Fulton County Judge Scott McAfee announced on Thursday that all court proceedings related to the case involving former President Donald Trump’s alleged election interference will be streamed live for the public. This decision represents a departure from the standard practices of federal courts, where photography and recording within the courtroom are largely prohibited.
Another move that will backfire on the Dems! https://t.co/RsWN7WLjX7
— Sean Hannity 🇺🇸 (@seanhannity) September 1, 2023
However, Fulton County has chosen to make an exception by broadcasting judicial proceedings on its YouTube channel. In addition to allowing the live streaming of the trial, Judge McAfee has granted members of the press the privilege of using their computers and cellphones within the courtroom.
This allowance comes with the condition that these devices must not be used to record the trial. The court claims the balance between transparency and decorum aims to ensure a fair and orderly trial while providing the public and the press with unique access to one of the most high-profile trials in American history.
The decision to livestream Trump’s proceedings has ignited a broader conversation about the transparency and openness of legal proceedings involving high-profile individuals. Just weeks ago, congressional Democrats, led by Rep. Adam Schiff (D-CA) called for Trump’s federal criminal trials to be televised.
In a letter addressed to Judge Roslynn Mauskopf, who oversees the administrative offices of the U.S. Courts, Schiff and 37 members of his caucus — also emphasized the importance of the public witnessing these trials firsthand.
She claims it would enable people to see how the proceedings are conducted, assess the strength of the evidence presented, and evaluate the credibility of witnesses. The recent push for the live broadcasting of Trump’s trials suddenly gained momentum following an arraignment in Washington, D.C.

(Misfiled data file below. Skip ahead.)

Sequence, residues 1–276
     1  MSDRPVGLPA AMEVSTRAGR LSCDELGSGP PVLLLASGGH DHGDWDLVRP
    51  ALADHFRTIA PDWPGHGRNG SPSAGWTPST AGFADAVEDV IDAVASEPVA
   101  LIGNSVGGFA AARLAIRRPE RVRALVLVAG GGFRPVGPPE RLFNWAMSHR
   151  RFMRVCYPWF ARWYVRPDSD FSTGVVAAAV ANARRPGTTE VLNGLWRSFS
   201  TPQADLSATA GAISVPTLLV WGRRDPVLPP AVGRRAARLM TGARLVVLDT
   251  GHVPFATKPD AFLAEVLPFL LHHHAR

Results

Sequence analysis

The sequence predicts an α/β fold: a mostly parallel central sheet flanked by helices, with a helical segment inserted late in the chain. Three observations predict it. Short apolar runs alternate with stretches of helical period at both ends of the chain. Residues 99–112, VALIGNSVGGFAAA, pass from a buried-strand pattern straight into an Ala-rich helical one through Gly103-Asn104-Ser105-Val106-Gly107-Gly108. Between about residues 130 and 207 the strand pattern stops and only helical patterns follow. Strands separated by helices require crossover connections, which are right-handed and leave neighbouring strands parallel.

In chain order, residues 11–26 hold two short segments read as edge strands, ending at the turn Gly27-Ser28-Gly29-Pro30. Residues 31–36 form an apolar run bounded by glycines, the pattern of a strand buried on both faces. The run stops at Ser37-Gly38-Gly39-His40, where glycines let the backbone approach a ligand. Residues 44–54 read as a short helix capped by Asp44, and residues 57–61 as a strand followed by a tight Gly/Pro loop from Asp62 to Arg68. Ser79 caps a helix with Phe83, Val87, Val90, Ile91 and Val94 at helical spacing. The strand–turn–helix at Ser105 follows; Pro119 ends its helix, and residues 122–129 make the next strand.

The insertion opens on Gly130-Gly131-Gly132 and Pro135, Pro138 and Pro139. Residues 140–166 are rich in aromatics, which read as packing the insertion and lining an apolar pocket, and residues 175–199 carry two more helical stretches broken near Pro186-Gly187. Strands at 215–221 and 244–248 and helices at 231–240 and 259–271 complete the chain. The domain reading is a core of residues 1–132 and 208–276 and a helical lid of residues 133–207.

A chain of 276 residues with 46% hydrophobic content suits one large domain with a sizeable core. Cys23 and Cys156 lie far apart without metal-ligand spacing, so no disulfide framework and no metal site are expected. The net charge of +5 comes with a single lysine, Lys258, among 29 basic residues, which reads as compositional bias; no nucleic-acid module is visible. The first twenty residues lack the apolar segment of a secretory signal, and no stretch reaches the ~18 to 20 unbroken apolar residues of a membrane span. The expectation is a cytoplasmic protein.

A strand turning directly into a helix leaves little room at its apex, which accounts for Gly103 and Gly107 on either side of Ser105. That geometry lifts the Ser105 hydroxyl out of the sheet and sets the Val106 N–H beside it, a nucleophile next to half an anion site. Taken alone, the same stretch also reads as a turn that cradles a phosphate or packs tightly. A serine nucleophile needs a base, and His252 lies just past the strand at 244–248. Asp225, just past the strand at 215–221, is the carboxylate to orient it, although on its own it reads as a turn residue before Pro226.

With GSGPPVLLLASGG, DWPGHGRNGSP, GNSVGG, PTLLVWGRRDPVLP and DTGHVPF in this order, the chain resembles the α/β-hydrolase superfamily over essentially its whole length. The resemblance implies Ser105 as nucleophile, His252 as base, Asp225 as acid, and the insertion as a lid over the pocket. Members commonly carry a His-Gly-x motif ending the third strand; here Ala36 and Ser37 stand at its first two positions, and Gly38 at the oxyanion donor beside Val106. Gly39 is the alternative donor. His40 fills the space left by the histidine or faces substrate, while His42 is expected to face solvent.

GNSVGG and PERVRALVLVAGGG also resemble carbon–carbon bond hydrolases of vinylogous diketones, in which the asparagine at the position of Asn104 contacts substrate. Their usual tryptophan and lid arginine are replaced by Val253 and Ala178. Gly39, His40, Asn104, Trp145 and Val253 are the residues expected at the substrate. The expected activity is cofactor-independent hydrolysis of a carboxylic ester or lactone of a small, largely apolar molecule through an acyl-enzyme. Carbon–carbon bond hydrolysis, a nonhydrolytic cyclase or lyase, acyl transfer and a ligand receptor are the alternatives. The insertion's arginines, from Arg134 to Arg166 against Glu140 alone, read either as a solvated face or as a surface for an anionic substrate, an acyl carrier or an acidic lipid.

While the move to allow live streaming of Trump’s trial has received support from some camps, there have been differing opinions within the legal community. In a separate case in New York City, his lawyers initially opposed a request from media outlets to allow cameras in the courtroom.
However, one of Trump’s lawyers, John Lauro, expressed openness to the idea of cameras in court earlier this month, stating in a Fox News interview that he personally would “love to see that.”
He also raised concerns about the Biden administration’s stance on the matter, suggesting that they might not want the American people to witness Trump’s trial, hinting at the possibility of corruption or a scandal.
With that said, the legal proceedings involving Donald Trump are set to continue. Nevertheless, the choice to live-stream his trials in Fulton County could serve as a notable development in the ongoing discussion about the lack of legal transparency and media bias — despite the left’s motives to strip the former President of his basic constitutional rights.